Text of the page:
From my research for many years now is that men in North Georgia that were "picked up" during May 1864 until the end of the war were deserters. There were over 10,000 men at Kingston, Georgia that surrendered. That is a full division of folks that could have been used in either the ANV or AoT.
If they went home on furlough, they stayed well past the time period a soldier would have been allotted for leave. The leadership would not approve a soldier going on leave behind enemy lines to go visit family. If I am not mistaken, leaves were suspended in either late March or April of 1864. It would have been equivalent to the modern day "Stop Loss."
The leadership did not have a vast "spy network" and continually sent "Scouts" into the North Georgia mountains once the campaign kicked off on May 5, 1864. Recruiting duty would only be left to officers but rare at this point in the war.
If a soldier was "sick" at this point in the war, then they sent them somewhere in the General Hospital system. If a soldier was wounded and it would take him more than 60 days to recuperate then it was likely they could not travel and certainly could not evade capture to get into the mountains of North Georgia. They sent them to convalescent camps further south. These hospitals were outside the General Hospital system overseen by the Director of the Army of Tennessee hospitals, Samuel H. Stout.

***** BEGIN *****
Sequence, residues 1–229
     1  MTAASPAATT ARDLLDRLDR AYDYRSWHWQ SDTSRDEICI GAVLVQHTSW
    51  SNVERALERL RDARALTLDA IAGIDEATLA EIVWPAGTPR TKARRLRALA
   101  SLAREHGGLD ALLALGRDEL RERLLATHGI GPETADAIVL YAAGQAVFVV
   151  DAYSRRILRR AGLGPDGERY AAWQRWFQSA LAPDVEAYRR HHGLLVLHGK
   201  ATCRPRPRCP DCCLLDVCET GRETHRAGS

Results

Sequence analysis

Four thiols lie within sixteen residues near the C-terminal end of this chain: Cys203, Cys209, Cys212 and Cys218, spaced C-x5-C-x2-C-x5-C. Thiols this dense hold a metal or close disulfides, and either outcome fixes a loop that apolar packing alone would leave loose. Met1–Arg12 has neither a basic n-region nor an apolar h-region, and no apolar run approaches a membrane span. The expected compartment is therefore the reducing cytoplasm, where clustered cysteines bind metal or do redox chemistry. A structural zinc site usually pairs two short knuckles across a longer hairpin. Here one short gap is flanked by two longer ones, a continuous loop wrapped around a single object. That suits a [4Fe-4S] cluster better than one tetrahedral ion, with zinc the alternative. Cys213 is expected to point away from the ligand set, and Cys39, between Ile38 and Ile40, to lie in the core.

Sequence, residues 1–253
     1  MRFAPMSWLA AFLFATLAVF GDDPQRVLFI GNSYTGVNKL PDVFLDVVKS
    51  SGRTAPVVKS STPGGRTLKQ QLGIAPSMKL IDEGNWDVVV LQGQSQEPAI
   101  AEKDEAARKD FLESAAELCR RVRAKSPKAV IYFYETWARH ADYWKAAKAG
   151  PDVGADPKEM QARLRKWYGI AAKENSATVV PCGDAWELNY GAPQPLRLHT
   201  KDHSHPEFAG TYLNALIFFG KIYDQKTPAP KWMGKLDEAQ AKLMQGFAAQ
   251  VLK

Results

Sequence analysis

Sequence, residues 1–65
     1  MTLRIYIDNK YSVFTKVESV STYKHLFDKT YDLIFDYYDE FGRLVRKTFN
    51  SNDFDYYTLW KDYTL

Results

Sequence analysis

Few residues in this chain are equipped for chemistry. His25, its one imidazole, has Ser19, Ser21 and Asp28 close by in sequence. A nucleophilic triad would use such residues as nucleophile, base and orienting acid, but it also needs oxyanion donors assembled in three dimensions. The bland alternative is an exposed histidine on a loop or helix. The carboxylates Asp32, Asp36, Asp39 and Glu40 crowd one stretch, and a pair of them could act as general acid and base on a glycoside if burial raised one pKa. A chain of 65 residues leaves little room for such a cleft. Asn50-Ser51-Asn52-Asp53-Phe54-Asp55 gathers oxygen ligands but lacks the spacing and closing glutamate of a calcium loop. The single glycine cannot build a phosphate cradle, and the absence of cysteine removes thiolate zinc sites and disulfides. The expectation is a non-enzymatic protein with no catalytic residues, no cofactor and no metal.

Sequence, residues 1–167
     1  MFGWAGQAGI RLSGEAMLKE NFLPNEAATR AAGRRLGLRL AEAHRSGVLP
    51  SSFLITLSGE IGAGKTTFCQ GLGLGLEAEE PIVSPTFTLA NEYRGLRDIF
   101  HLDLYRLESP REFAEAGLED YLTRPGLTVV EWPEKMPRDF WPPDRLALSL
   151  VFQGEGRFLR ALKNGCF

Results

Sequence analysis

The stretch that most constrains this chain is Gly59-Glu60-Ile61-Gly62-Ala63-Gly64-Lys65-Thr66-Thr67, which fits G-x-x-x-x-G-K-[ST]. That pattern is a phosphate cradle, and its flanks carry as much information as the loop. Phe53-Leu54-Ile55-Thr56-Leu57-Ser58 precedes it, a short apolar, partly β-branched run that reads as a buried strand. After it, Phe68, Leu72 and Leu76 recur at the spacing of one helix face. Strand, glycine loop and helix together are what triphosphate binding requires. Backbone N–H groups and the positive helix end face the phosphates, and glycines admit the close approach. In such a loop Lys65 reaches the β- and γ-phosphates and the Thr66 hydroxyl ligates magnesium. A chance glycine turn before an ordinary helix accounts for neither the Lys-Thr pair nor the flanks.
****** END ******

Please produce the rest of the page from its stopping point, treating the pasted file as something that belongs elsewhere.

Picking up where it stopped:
Sorry, I have seen descendants or amateur historians hemming and hawing for many years now trying to talk around, rationalize, or excuse the obvious. Sure, there was some that fell into those categories but often, in my experience, they deserted.
Please let me know if you have any questions.
Gerald D. Hodge, Jr.
Lieutenant Colonel, U.S. Army (Retired)
M.A. Military History - Civil War Concentration
Research - Preservation
Historian: 39th Georgia Volunteer Infantry Regiment